carried67
November 1, 2011

W.W. writes:

Happy Gagaween

forex s.
November 1, 2011

F.S. writes:

Such informative web site! Large thanks! Thanks for a good time visiting your site. It is really a pleasure understanding a web site like this filled with nice information. Thanks!

Eric
|
New Mexico, USA
November 1, 2011

Eric in New Mexico writes:

@ Hannah Johnson,

If there's any gap in Dipnote's reporting what went on last week, I would have to call your attention to this as a significant policy statement that didn't get nearly the attention it deserved.

"http://video.state.gov/en/top-stories/video/1242159513001/us-policy-towa..."

-aired on October 26, 2011

Best,

EJ

DonaldM
|
Virginia, USA
November 4, 2011

Donald M. in Virginia writes:

Date of Incident April 2001

Republic of China (PRC) involved a collision over the South China Sea between a U.S. Navy EP-3 reconnaissance plane and a People’s Liberation Army (PLA) naval F-8 fighter that crashed. After surviving the near-fatal accident, the U.S. crew made an emergency landing of their damaged plane onto the PLA’s Lingshui airfield on Hainan Island, and the PRC detained the 24 crew members for 11 days. Washington and Beijing disagreed over the cause of the accident, the release of the crew and plane, whether Washington would “apologize,” and the PRC’s right to inspect the EP-3. In the longer term, the incident has implications for the right of U.S. and othernations’ aircraft to fly in international airspace near China. (This CRS Report, first issued on April 20, 2001, includes an update on the later EP-3 recovery.)

The incident prompted assessments about PRC leaders, their hardline position,and their claims. While some speculated about PLA dominance, President and Central Military Commission Chairman Jiang Zemin and his diplomats were in the lead, while PLA leaders followed in stance with no more inflammatory rhetoric. Still, the PLA is likely to benefit from this incident. Despite PRC claims that the EP-3 plane caused the accident, it appears that the PLA pilot, executing a close pass in an apparent attempt to impress or intimidate the EP-3 crew, made a fatal error in judgment. International law is clear that all aircraft have a right of overflight with respect to ocean areas beyond the territorial sea (past 12 miles out).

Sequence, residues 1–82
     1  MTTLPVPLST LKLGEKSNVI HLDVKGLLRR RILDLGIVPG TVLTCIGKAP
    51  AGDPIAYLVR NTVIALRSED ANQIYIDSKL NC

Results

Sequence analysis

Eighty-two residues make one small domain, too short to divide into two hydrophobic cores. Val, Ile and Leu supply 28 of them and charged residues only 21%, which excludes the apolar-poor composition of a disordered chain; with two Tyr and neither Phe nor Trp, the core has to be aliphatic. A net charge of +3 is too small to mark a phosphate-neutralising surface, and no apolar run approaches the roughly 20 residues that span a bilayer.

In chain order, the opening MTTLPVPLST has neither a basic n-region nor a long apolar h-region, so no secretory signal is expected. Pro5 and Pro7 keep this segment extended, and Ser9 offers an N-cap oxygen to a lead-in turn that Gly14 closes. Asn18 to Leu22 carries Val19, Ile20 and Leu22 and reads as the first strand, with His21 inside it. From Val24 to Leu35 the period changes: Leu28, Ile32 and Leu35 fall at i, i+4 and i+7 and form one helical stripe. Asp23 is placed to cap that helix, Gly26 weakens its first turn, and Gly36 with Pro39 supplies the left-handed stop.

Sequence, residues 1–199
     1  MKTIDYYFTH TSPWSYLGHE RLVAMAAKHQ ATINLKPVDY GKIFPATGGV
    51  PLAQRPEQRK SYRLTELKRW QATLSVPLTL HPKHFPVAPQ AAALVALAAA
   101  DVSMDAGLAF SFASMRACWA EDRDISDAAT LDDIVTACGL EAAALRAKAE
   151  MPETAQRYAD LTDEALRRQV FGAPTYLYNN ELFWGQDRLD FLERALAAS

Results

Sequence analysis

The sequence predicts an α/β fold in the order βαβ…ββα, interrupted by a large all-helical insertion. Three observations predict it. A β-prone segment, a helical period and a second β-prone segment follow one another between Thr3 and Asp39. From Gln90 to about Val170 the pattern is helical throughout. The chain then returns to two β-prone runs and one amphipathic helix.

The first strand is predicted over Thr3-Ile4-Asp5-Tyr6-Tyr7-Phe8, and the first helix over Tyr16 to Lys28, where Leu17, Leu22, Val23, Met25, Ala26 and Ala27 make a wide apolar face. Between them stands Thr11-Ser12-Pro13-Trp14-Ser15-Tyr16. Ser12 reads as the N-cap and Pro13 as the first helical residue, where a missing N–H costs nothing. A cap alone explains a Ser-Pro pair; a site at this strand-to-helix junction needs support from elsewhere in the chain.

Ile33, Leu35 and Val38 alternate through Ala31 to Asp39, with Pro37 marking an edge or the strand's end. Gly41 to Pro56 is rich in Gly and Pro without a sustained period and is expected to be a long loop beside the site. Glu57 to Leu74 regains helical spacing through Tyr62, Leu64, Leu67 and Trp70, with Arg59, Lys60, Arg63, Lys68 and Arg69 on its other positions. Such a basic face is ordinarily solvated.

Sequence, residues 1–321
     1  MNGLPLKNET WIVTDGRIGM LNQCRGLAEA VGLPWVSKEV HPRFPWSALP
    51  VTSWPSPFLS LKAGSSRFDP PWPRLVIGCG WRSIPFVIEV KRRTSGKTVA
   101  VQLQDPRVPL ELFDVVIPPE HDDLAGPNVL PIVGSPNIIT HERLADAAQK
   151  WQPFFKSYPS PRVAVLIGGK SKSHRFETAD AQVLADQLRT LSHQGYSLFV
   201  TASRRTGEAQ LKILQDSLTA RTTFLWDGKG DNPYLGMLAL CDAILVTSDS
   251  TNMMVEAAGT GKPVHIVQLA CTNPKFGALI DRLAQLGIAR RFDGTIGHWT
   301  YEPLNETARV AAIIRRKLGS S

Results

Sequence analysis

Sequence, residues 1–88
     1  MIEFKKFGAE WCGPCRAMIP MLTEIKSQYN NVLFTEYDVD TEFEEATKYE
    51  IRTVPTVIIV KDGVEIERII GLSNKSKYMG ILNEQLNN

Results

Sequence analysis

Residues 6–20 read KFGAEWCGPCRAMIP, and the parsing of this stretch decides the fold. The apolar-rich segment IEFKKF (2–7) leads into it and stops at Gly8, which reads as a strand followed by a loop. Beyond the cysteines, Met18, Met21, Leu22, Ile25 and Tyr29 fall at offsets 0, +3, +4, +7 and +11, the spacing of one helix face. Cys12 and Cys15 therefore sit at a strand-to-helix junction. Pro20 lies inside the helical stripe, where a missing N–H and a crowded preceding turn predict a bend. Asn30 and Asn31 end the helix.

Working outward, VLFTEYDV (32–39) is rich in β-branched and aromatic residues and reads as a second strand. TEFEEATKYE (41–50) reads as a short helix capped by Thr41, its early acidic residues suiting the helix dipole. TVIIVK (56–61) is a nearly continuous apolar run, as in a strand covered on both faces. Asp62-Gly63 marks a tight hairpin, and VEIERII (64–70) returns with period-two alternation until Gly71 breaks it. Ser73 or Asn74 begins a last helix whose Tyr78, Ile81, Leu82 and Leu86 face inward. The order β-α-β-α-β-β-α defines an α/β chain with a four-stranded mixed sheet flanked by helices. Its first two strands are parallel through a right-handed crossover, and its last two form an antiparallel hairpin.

There are implications for U.S. policy toward the PRC and Taiwan, and defense policy. This incident of April 2001 is the third in a series of major troubling difficulties since the mid-1990s that could have serious implications for U.S.-PRC
relations. The standoff raised questions about whether the issues of the incident and arms sales to Taiwan should be linked and whether to change the process of annual arms sales talks with Taipei. A further worsening of political ties could negatively affect the business climate in China for U.S. firms and disrupt negotiations over China’s WTO accession. Airborne reconnaissance remains a vital component of intelligence collection for military and other national security purposes. Observers speculate that the chief benefit to the PRC from inspecting the EP-3 would be to gather information about U.S. targets and degree of success that could enable them to prepare countermeasures to hinder future U.S. surveillance efforts. The incident has potential implications for U.S. military surveillance operations in at least fourareas: operational strain on the EP-3 fleet, conditions for conducting airborne surveillance missions in the future, the need for escorts or other protective forces, and using unmanned air vehicles (UAVs) for airborne surveillance missions.

"Here is my theory, after the Peoples Republic of China was embarrassed from this ordeal. There close relationship with Pakistan/Osama bin laden back then may have made the plot against our Nation using foreign Nations. Shortly after in September, 11th, 2001 we had one of the biggest terrorist attack on our soil. April - September only 5 months after this happened. While your thinking China is your friend, just look at the close relationship they have with the Pakistan Intelligence!" I think smarter people than myself can investigate this possiblity. Its not that difficult to connect the dots. China would stand to make big profits of arms sales if we went to war!